The CEO of the world's most frequently used search engine said the next goal is to have a data centre in China in order to serve local customers more quickly. It will then work with local libraries to bring more information from books to the Internet.
Eric Schmidt, CEO of Google, second left, Kaifu Lee, Vice President of Google China, left, and Johnny Chou, President of Google China, right, unveil the new Chinese-language Google brand name at a press conference in Beijing Wednersday April 12, 2006. The new brand name 'Gu Ge' or 'Valley Song,' draws on Chinese rural traditions to describe a fruitful and rewarding experience, according to Google. [AP Photo]
"Our business in China is not about revenue, but about serving end users," said Schmidt in an interview.
Google's major local competitor Baidu, which is listed on the NASDAQ with Google as a small investor, also got its name from a traditional Chinese poem.
The idea behind using a Chinese name helps the company reach more Chinese users, many of whom do not know English and have difficulties pronouncing the name, which prevents them from knowing and using the search engine.
According to the professional Internet research firm Shanghai iResearch, revenue of the Web search market in 2005 was 1.04 billion yuan (US$129 million), 82 per cent higher than in 2004.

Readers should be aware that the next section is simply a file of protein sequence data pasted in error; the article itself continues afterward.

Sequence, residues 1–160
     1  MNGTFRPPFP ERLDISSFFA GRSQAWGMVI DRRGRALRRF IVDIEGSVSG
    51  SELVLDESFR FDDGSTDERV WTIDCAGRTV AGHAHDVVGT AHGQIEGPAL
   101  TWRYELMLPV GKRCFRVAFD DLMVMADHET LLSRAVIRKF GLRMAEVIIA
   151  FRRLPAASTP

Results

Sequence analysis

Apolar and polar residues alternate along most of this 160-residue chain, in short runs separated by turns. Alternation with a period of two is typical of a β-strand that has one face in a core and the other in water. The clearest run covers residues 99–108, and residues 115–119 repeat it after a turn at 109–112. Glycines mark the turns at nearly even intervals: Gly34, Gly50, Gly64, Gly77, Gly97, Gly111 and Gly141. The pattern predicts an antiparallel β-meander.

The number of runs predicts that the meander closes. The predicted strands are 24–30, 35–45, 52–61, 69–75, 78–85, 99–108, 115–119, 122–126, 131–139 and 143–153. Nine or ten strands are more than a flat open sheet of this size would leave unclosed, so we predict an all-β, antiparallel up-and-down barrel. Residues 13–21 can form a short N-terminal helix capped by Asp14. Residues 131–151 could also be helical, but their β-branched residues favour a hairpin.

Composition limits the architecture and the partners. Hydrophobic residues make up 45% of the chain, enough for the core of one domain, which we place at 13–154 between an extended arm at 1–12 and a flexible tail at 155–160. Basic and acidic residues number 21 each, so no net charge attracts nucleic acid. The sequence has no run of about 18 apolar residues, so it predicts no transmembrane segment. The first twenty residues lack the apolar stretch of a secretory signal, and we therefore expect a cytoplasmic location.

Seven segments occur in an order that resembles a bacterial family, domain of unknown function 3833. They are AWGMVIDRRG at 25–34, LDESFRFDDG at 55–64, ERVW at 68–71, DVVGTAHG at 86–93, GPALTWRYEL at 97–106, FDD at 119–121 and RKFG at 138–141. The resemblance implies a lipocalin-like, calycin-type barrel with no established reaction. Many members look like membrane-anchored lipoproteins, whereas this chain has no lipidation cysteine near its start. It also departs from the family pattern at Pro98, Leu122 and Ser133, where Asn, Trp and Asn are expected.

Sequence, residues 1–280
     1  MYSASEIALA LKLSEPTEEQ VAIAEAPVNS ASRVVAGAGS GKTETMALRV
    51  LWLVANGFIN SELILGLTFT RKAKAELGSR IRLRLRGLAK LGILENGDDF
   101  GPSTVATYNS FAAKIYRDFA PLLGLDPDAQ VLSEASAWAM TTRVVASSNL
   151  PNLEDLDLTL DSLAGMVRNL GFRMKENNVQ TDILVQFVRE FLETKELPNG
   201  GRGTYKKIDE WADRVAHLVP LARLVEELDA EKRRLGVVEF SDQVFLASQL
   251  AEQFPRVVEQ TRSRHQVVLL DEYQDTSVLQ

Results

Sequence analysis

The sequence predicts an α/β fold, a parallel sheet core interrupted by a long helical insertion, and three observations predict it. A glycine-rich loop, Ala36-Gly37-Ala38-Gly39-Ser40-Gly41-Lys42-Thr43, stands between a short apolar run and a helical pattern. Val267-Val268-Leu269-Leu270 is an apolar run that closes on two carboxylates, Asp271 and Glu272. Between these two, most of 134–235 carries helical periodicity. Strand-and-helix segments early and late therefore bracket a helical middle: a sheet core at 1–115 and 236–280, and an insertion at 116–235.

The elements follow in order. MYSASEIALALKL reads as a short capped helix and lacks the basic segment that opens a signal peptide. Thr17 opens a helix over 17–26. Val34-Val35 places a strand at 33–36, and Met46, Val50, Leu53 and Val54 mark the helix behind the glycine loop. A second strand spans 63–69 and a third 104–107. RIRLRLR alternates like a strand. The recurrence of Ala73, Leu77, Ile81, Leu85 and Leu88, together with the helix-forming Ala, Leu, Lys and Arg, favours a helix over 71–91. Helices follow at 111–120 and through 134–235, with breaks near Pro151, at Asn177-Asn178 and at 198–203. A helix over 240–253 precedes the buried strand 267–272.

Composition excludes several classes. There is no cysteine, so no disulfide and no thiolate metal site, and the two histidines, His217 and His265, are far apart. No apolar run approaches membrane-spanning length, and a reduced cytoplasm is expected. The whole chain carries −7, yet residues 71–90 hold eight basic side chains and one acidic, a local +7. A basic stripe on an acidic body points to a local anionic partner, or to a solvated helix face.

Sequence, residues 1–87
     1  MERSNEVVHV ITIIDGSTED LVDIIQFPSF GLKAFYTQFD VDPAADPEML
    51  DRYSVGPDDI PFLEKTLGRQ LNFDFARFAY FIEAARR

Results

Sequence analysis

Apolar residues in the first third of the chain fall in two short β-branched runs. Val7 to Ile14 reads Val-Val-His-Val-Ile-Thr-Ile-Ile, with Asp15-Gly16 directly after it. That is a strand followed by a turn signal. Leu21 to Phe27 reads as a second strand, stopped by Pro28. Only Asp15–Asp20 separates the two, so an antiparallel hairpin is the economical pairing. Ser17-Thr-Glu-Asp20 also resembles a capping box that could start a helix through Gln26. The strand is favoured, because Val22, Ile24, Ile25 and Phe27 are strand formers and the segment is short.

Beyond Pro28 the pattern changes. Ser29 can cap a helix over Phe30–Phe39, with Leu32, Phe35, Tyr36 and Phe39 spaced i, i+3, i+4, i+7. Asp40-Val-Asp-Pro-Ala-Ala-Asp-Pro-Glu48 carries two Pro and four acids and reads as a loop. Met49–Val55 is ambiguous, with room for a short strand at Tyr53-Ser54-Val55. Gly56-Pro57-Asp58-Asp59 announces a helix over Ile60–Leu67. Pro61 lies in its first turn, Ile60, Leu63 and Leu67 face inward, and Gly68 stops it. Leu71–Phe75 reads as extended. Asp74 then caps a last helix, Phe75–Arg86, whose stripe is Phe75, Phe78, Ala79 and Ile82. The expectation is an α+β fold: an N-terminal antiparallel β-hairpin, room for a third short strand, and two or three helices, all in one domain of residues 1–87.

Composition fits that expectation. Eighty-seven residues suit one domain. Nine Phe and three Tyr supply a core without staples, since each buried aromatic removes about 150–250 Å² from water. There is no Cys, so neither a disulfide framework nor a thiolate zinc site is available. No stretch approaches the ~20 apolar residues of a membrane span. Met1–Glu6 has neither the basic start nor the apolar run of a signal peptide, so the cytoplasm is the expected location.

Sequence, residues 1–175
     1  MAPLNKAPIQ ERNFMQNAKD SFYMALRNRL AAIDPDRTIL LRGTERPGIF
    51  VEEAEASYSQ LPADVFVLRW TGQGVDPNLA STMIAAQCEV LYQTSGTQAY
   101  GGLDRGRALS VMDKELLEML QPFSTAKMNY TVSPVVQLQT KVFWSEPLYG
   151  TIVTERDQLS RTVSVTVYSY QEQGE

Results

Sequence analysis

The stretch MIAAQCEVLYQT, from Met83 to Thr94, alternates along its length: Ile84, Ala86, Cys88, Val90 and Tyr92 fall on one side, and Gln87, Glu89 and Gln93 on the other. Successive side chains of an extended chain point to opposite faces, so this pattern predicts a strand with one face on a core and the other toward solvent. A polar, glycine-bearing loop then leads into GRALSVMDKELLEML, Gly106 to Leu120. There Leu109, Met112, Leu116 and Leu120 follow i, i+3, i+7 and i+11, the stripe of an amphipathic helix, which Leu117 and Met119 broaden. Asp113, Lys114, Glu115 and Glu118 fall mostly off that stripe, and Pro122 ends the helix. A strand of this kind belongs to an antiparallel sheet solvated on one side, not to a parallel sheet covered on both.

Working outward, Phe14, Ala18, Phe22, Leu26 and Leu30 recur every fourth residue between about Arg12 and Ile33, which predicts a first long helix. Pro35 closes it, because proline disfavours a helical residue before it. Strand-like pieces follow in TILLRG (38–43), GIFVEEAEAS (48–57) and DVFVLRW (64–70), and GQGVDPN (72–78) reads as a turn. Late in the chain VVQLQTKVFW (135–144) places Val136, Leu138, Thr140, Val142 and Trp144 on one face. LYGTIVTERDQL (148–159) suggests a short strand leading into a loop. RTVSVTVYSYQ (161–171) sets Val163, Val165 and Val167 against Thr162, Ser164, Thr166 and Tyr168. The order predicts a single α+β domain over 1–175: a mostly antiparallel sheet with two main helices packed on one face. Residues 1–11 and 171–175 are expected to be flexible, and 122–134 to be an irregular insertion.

Web search engine Yahoo! led the market with a combination of search services on three websites operating in China. Baidu ranked second with 26 per cent of the pie and Google was the third with 14 per cent.
Schmidt acknowledged it was "our mistake" not to come to China earlier, which has given Baidu a chance to surge ahead in the market.
All major research houses focusing on the Chinese market rank Baidu the largest single search engine in China.
A March survey by China Popular Computer Weekly involving 120,000 users shows that more than 60 per cent of Internet users use Baidu, while 28 per cent choose Google.
Schmidt said that although some other Internet giants from the United States, such as Yahoo!, AOL, Amazon and eBay, have difficulties exporting their dominance to China because of tough local competition and slow progress to meet local demands, it may not be a problem for his business.
"We are often not the first in the market, but we often grow more quickly," he said.
(China Daily 04/13/2006 page11)